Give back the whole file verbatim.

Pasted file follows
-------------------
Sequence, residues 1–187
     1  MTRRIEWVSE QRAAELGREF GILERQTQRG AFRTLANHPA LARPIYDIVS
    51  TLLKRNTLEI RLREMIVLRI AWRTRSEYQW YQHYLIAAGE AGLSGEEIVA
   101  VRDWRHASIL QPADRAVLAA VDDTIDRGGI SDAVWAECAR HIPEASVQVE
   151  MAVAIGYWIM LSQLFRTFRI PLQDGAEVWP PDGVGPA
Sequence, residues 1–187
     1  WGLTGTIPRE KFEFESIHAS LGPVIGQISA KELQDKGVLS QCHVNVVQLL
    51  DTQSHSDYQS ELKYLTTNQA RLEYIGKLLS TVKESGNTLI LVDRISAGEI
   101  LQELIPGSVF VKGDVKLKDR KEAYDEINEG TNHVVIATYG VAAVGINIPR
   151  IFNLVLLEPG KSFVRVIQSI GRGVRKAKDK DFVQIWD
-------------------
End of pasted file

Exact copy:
Sequence, residues 1–187
     1  MTRRIEWVSE QRAAELGREF GILERQTQRG AFRTLANHPA LARPIYDIVS
    51  TLLKRNTLEI RLREMIVLRI AWRTRSEYQW YQHYLIAAGE AGLSGEEIVA
   101  VRDWRHASIL QPADRAVLAA VDDTIDRGGI SDAVWAECAR HIPEASVQVE
   151  MAVAIGYWIM LSQLFRTFRI PLQDGAEVWP PDGVGPA
Sequence, residues 1–187
     1  WGLTGTIPRE KFEFESIHAS LGPVIGQISA KELQDKGVLS QCHVNVVQLL
    51  DTQSHSDYQS ELKYLTTNQA RLEYIGKLLS TVKESGNTLI LVDRISAGEI
   101  LQELIPGSVF VKGDVKLKDR KEAYDEINEG TNHVVIATYG VAAVGINIPR
   151  IFNLVLLEPG KSFVRVIQSI GRGVRKAKDK DFVQIWD